8
$\begingroup$

I went through the problems on the pictures:

enter image description hereenter image description here

The answer of the problem 119 is $\mathrm{S_N1'}$, and that of 120 is $\mathrm{S_N2'}$. I actually can't figure out what $\mathrm{S_N1'}$ ($\mathrm{S_N1}$ prime) and $\mathrm{S_N2'}$ ($\mathrm{S_N2}$ prime) are.

Also, how does the answer change by changing the nucleophile?

$\endgroup$
  • 5
    $\begingroup$ I would like to point out that the question is not about nucleophilic substitution in general, in the nutshell it's about the difference that "prime" ' sign adds (e.g. $\mathrm{S_N1}$ vs $\mathrm{S_N1'}$ and $\mathrm{S_N2}$ vs $\mathrm{S_N2'}$), from what I understand. IMO it's neither homework, nor too broad; I cannot find any duplicates, so I'm against closing it for now. Also, check out en.wikipedia.org/wiki/Allylic_rearrangement $\endgroup$ – andselisk Sep 19 '17 at 17:07
  • 1
    $\begingroup$ @andselisk Ah! I missed the prime. I've retracted my vote. O:) $\endgroup$ – paracetamol Sep 19 '17 at 17:13
  • 1
    $\begingroup$ @paracetamol I have a feeling that I saw something related on CSE, but searching for SN1' obviously returns tons of topics where SN1 has been discussed, same with Google. $\endgroup$ – andselisk Sep 19 '17 at 17:19
  • 4
    $\begingroup$ The ' indicates that the actual substitution site is not where the leaving group is attached. In the cases presented, the nucleophile would add at the upper end of the double bond. $\endgroup$ – Zhe Sep 19 '17 at 17:23
8
$\begingroup$

The primed version of $\mathrm{S_N1}$ and $\mathrm{S_N2}$ can only occur if there is a double bond in the vicinity of the leaving group as in your example. I have drawn both possibilities for the $\mathrm{S_N2}$ case in the scheme below.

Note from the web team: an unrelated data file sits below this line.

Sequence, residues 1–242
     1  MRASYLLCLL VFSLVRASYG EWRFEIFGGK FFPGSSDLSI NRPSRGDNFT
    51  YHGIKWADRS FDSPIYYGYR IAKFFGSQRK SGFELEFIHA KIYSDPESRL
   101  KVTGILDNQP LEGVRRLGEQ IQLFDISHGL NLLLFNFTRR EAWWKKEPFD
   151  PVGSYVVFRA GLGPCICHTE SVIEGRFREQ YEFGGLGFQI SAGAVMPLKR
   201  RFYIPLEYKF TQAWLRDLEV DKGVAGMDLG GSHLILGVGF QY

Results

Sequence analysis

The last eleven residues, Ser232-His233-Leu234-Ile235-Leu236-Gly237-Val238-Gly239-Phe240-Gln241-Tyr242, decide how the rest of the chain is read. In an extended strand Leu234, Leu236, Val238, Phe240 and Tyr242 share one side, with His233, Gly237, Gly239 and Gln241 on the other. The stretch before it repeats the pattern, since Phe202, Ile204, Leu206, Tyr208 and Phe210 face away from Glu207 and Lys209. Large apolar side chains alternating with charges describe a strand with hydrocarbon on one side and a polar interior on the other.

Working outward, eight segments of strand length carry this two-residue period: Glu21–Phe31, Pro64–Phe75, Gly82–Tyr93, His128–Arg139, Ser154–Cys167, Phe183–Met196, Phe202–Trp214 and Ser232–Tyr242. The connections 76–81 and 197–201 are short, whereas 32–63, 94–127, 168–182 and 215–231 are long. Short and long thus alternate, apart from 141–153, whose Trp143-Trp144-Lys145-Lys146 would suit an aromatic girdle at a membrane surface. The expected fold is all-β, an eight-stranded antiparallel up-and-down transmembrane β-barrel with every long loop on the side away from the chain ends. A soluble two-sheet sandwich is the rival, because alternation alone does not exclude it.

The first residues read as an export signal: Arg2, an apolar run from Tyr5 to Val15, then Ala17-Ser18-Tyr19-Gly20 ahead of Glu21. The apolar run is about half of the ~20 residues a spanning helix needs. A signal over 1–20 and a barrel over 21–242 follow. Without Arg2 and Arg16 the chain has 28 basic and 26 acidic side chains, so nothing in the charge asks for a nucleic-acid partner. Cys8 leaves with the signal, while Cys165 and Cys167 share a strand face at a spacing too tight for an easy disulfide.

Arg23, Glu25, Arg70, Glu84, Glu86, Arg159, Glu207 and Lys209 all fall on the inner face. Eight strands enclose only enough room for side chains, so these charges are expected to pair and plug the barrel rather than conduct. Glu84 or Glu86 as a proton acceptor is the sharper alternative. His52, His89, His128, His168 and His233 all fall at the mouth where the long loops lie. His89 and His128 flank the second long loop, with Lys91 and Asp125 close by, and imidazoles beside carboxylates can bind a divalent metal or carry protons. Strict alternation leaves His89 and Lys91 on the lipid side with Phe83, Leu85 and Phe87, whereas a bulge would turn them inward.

SN2 and SN2' of methanolate with the starting material
Scheme 1: Comparison of the reaction products in an $\mathrm{S_N2}$ (top) and $\mathrm{S_N2'}$ (bottom) pathway.

The $\mathrm{S_N2}$ reaction is as you expect it to be. The $\mathrm{S_N2'}$ reaction uses the double bond as an electron relay system. Instead of the nucleophile (here: $\ce{OMe-}$) directly interacting with the $\unicode{x3c3}^*(\ce{C-Br})$ orbital, the π system interacts with the σ* orbital. The nucleophile then interacts with the π system’s LUMO (corresponding to the middle orbital of the allyl π system) to perform the attack. Since the nucleophilic attack and the leaving group are on different carbon atoms, relayed by the π system, this is not a direct $\mathrm{S_N2}$ but a derivative of it ($\mathrm{S_N2'}$).

The same logic can be applied to $\mathrm{S_N1'}$: here, the intermediate carbocation is not a localised one but an allyl cation.

The primed versions here are observed because not only the bimolecular attack on the highly substituted tertiary carbon ($\mathrm{S_N2}$) is unlikely — this carbon is tertiary which usually already implies no $\mathrm{S_N2}$ — but also the capturing of the carbocation under $\mathrm{S_N1}$ conditions is more likely to happen at the sterically much less hindered carbon atom.

As to why methanol predominantly attacks according to an $\mathrm{S_N1}$-type mechanism while methanolate predominantly follows an $\mathrm{S_N2}$-type mechanism I will refer you back to your textbook; the reasons are stated pretty often.

$\endgroup$

Your Answer

By clicking “Post Your Answer”, you agree to our terms of service, privacy policy and cookie policy

Not the answer you're looking for? Browse other questions tagged or ask your own question.